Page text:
I have a 2D numpy array and I have a arrays of rows and columns which should be set to a particular value. Lets consider the following example

 a = array([[1, 2, 3],
            [4, 5, 6],
            [7, 8, 9]])

I want to modify entries at rows [0,2] and columns [1,2]. This should result in the following array

 a = array([[1, 2, 0],
           [4, 5, 0],
           [7, 8, 9]])

I did following and it resulted in modifying each sequence of column in every row

rows = [0,1]
cols = [2,2]

It resulted in the following array modifying every column of the specified array

array([[1, 0, 0],
       [4, 5, 6],
       [7, 0, 0]])

Some one could please let me know how to do it?

Thanks a lot

EDIT: It is to be noted that rows and columns coincidently happend to be sequentia. The actual point is that these could be arbitrary and in any order. if it is rows = [a,b,c] and cols=[n x z] then I want to modify exactly three elements at locations (a,n),(b,x),(c,z).

  • wow it took me FAR too long to find this...
    – Некто
    Nov 16, 2021 at 22:27

4 Answers 4


Adding to what others have said, you can modify these elements using fancy indexing as follows:

In [39]: rows = [0,1]

In [40]: cols = [2,2]

In [41]: a = np.arange(1,10).reshape((3,3))

In [42]: a[rows,cols] = 0

In [43]: a
array([[1, 2, 0],
       [4, 5, 0],
       [7, 8, 9]])

You might want to read the documentation on indexing multidimensional arrays: http://docs.scipy.org/doc/numpy/user/basics.indexing.html#indexing-multi-dimensional-arrays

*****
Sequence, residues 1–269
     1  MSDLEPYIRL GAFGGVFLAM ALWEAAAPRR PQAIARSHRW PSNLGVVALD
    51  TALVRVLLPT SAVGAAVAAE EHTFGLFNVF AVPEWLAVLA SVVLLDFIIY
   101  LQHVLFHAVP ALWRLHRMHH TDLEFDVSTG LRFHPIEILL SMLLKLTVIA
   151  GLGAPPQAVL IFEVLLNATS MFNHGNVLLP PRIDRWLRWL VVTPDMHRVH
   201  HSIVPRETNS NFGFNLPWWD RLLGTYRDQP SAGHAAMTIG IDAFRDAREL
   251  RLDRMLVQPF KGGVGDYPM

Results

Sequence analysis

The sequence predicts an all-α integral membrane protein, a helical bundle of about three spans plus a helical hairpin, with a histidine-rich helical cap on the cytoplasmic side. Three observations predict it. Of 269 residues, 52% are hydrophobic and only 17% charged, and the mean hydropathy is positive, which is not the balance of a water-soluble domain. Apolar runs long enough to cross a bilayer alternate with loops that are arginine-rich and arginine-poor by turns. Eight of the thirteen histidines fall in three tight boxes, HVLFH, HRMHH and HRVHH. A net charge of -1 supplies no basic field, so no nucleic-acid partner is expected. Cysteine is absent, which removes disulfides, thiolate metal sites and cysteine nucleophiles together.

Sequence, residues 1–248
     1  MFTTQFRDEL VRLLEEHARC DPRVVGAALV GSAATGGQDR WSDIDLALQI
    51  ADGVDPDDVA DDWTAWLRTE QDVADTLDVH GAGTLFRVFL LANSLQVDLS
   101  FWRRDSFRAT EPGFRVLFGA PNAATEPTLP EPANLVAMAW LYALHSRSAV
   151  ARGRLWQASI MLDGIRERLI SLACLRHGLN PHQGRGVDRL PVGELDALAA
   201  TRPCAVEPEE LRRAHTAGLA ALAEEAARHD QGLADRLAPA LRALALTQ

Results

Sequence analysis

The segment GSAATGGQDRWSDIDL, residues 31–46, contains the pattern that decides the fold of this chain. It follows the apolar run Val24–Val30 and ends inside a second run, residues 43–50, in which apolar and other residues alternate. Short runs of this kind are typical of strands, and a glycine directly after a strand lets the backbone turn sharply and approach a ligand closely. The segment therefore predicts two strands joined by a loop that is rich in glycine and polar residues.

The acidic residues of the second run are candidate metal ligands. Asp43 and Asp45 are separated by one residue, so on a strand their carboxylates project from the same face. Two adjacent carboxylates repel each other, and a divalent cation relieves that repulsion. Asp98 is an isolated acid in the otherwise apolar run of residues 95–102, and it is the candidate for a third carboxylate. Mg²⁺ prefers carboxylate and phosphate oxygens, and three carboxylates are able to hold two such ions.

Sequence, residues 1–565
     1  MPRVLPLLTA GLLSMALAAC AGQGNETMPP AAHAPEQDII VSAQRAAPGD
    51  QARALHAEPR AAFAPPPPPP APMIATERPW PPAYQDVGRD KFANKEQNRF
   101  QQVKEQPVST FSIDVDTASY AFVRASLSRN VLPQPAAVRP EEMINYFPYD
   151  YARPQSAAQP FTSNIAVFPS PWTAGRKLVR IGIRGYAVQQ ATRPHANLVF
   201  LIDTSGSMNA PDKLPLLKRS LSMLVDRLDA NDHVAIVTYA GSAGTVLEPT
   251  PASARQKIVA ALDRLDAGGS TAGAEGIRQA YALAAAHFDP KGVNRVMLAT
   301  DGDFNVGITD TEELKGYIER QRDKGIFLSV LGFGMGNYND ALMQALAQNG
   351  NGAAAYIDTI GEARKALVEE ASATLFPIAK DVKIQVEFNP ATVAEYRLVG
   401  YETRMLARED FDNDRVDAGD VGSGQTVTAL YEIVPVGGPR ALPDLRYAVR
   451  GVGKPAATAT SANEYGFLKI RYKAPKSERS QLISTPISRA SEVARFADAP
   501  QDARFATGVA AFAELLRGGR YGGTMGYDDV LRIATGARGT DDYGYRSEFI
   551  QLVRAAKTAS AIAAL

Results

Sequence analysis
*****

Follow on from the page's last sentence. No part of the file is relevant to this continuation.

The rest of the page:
The key point is:

if the index arrays have a matching shape, and there is an index array for each dimension of the array being indexed, the resultant array has the same shape as the index arrays, and the values correspond to the index set for each position in the index arrays.

Importantly this also allows you to do things like:

In [60]: a[rows,cols] = np.array([33,77])

In [61]: a
array([[ 1,  2, 33],
       [ 4,  5, 77],
       [ 7,  8,  9]])

where you can set each element independently using another array, list or tuple of the same size.

  • You are very right. Thanks for pointing to the documentation. It was a bug in program. I knew it but could not work. Your answer is very explanatory.
    – Shan
    Oct 14, 2011 at 0:32
  • whats with that in[x] syntax you've got going on? Aug 31, 2017 at 16:56
  • @johnktejik That's just the output from an ipython/jupyter notebook execution cell. Think of it as a line numbered prompt.
    – JoshAdel
    Aug 31, 2017 at 19:35

one work around: ndarray.flatten, np.put(), ndarray.reshape

try ndarray.flatten(array), that way you are dealing with a one dim array which can be manipulated with numpy.put(array,[indices],[values]). Then use ndarray.reshape() to get to the original dimensions.


First off, your description of the "correct" array doesn't match the columns and rows you specify...

To get your "correct" array, you'd do this:

a[:2, 2] = 0

To modify the second and third columns of the first and third rows, (rows [0,2] and columns [1,2]) you'd do what you're doing... (Your description of modifying rows [0,2] and columns [1,2] is exactly the result you get, right?)

  • 1
    The point is that I dont want it sequential... The column and row can be arbitrary numbers.
    – Shan
    Oct 13, 2011 at 23:31

It should be as simple as a[0,2]=0 and a[1,2]=0. You could also do a[0:2,2]=0. The ':' based range indexing in python is a half-open interval [0,2) which actually range from 0 to 1 (the end point of 2 is not included).

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